I commented on one of these boards once that a Jpn SHIHAN looked nervous during Hombu's annual demonstration and all sorts of folk came to his "defense"--he wasn't allowed to be human. I'll believe the Tohei thing when I see the film.

Don J. Modesto
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Old 05-01-2005, 03:00 PM   #70
jester
 
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Re: Tohei throwing Judoka in Hawaii?

Quote:
Ted Ehara wrote:
This was a large tournament with close to 2,000 spectators and film footage shot during the randori, so this was an early well documented American Aikido event.
OK, So where's the film?????
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Old 05-01-2005, 05:28 PM   #71
kironin
 
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Re: Tohei throwing Judoka in Hawaii?

Quote:
Don J. Modesto wrote:
Ike showed the evidence. Where's the evidence for Tohei's feat? Why has the film this marvelous moment never been released to the public?
Well, why did the marvelous little 5 and half minute 1967 film of Tohei Sensei tossing Yamada Sensei around and then whipping the jo around like the Energizer bunny on an overdose of speed only recently become publicly available? Stanely Pranin talked someone in to sharing their privately owned film after he became aware of it over 35 years later.

Quote:
Dr. Kurisaki, the vice-president of Nishikai, asked if it was possible to handle more than one attacker using Aikido. Tohei replied that it must be possible if you use mind and body coordination, although he had never practiced aikido against more than one opponent at a time and nearly everyone he trained with was around his own size. Dr. Kurisaki asked for a demonstration and Tohei agreed. He found himself facing seven men, all of them 4th Dan or higher in Judo. There was even a 16mm camera to record the event.

On Dr. Kurisaki's signal, the seven men attacked. Tohei moved like mad, throwing and evading, until finally Dr. Kurisaki gave the signal to stop. Thinking he had terribly embarrassed himself, he was surprised to hear a great applause. Later, when he saw the film of the attackers, he himself was surprised at how smooth it looked.
Well, Dr. Katsuzo Nishi died in 1959. Dr. Kurisaki is probably not still alive. Nishi Kai seems to still exist in Japan (www.nishikai.net) but no evidence on the web of the organization still existing in Hawaii. Track down Kyoto Fujioka perhaps. You could start a fundraiser for Stanely Pranin to go to Hawaii and do some investigating to find the film reel or at least what happened to it.



You can wish people always had the foresight to preserve such films, but it doesn't alway happen.

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Old 05-01-2005, 07:37 PM   #72
Michael Neal
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Re: Tohei throwing Judoka in Hawaii?

One thing I do not doubt is that Tohei was an amazing martial artist with tremendous skill, and I do not doubt the ability of skilled Aikidoka to fight off multiple attackers. It is just that osome of these stories sound too fantastic too me, I am not being critical of Aikido.
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Old 05-01-2005, 08:45 PM   #73
gwailoh
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Re: Tohei throwing Judoka in Hawaii?

this was recently posted by an anonymous guest on the Judoforum thread on this topic. two highlights for me:

1. can anyone track down the first-hand-witnesses Robert W. Smith or 'Big' Jim Nesby, and speak to them about it?

2. Anyone have a link to the Tohei vs. Fat Reporter video?

-----------------------------------------------------------------

What I've done below is type out Robert W. Smith's first-hand account of this incident (from Martial Musings):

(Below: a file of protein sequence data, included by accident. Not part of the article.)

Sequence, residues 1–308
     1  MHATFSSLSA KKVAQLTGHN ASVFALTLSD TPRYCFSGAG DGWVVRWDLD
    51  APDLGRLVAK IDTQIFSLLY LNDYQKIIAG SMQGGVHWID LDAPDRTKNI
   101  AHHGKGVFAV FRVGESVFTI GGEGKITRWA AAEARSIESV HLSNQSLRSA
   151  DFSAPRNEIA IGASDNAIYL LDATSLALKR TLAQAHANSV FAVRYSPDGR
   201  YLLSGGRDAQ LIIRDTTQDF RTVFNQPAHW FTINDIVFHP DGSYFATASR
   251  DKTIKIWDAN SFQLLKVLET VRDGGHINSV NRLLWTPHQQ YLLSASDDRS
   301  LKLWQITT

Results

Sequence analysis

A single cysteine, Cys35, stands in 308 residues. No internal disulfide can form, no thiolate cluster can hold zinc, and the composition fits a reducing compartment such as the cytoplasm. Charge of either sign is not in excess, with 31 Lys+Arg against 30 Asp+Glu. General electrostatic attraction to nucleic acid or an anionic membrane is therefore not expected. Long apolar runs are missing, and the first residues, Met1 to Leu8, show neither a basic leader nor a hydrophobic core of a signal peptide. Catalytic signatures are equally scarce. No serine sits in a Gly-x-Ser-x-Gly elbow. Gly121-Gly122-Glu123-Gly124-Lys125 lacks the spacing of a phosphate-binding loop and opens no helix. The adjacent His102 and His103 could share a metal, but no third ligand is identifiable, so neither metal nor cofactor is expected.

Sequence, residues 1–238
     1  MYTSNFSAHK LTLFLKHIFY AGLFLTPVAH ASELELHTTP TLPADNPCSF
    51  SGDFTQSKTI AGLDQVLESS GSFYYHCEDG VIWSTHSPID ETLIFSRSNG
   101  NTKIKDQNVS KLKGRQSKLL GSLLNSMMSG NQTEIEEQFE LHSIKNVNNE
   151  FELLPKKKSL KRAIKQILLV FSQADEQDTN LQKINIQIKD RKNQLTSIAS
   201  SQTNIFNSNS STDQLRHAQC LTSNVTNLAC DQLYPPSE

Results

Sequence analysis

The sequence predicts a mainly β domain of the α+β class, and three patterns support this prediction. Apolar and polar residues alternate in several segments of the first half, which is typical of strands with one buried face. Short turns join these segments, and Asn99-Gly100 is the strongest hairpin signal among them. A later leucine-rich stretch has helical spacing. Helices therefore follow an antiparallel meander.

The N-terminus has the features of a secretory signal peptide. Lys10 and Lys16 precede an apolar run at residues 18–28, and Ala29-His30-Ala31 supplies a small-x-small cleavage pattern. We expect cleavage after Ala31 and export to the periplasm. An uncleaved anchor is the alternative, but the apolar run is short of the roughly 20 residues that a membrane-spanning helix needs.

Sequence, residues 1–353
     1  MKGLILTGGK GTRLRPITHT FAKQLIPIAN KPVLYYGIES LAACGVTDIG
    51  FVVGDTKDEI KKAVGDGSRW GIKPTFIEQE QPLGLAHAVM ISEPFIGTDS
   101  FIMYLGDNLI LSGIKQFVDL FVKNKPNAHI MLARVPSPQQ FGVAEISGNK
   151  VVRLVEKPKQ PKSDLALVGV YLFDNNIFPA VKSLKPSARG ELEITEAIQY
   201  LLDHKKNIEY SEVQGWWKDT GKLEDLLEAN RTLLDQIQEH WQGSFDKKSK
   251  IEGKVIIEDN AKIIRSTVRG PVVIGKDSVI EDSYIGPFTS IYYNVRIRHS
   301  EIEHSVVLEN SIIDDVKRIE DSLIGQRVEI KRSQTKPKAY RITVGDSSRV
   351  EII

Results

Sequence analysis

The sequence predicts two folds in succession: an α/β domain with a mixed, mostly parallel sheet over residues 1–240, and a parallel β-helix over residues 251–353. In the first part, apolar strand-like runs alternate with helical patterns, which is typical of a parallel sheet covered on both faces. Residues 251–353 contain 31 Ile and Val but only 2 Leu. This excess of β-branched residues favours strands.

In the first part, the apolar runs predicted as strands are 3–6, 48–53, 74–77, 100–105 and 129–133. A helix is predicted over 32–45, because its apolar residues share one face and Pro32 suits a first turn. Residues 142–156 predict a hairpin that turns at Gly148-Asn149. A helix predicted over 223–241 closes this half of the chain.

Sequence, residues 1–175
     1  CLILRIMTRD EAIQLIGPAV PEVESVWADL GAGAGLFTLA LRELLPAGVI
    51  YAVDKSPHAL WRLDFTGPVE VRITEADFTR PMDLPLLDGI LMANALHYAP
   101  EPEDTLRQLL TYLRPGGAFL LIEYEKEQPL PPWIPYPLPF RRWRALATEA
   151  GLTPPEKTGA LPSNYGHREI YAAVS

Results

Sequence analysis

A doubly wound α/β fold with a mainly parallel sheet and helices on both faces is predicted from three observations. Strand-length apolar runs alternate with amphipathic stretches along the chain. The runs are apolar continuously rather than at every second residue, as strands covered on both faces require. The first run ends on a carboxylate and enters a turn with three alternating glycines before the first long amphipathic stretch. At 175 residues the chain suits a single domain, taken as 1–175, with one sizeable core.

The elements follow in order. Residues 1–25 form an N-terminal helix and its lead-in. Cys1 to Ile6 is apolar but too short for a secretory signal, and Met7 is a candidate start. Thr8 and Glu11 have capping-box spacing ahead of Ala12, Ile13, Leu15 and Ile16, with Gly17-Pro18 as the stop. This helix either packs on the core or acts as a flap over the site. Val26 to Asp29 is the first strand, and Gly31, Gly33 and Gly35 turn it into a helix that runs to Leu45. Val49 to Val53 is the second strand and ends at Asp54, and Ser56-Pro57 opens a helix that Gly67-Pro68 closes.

"Despite my analytical problems with aikido, I have to assume that Ueshiba was a singular figure. The evidence for this is his top student, Koichi Tohei. I first heard of Tohei at the First U.S. Judo Tournament in San Jose, California, in 1953. Some of us were chatting about judo and one veered off with the information that an expert in something called aikido was present from Hawaii and would demonstrate his art. Rumor had it that this Tohei had defeated the top fighters in Hawaii before securing a teaching niche there.

Later, in a lull in the program, here came Tohei, al little man with a smile bigger than he was. He took the stage and submitted to varieties of insult to his person. Three big judoka simultaneously put locks on his neck and both arms. He tossed them airward with abandon. Next he demonstrated rare efficiency in stick work (bojutsu). All this was interesting and pleasant to watch. The main course, next up, left us flabbergasted. Tohei stood and invited five black belt judokas to have at him simultaneously. Fifteen lined up and five fanned out and jumped him. This was no multiple attack chioreographed so that the defender had enough time and space to deal with each attacker singly -- the meretricious stuff that bores and stultifies. Not a bit. The surrounding circle hit Tohei almost in unison. he moved amongst them, throwing them in all directions, even into each other. Up they got, tried again, and down they went. Three were greedy and tried thrice only to hit the mat again. After that, enthusiasm waned and the group desisted.

Although Tohei was said to have a high judo rank, his throws didn't resemble judo techniques. He seemed to do things like te-waza tomoenage and wrist twists with such elan that murmurs of "ki" spread through the audience. Everything dissolved in front of his gentle applications. Big Jim Nisby, a giant judoka and former California All-state footballer, one of the five attackers, attempted a diving tackle from 15 feet. Tohei put out a light hand and stopped Jim dead in his tracks, then, in almost the same movement, pushed him into the pile of bodies. It was all marvelous."

It is noteworthy that this follows a passage in which Smith is extremely critical of aikido as a effective means of self-defence, so he's no starry-eyed believer in this stuff. Note too that he seems to know one of the attackers personally (would anyone be able to track this guy down, if he's still alive?). Given too that Smith was very well-connected in judo at the time, if the "fix was in", it seems almost inconceivable that he wouldn't have found out about it.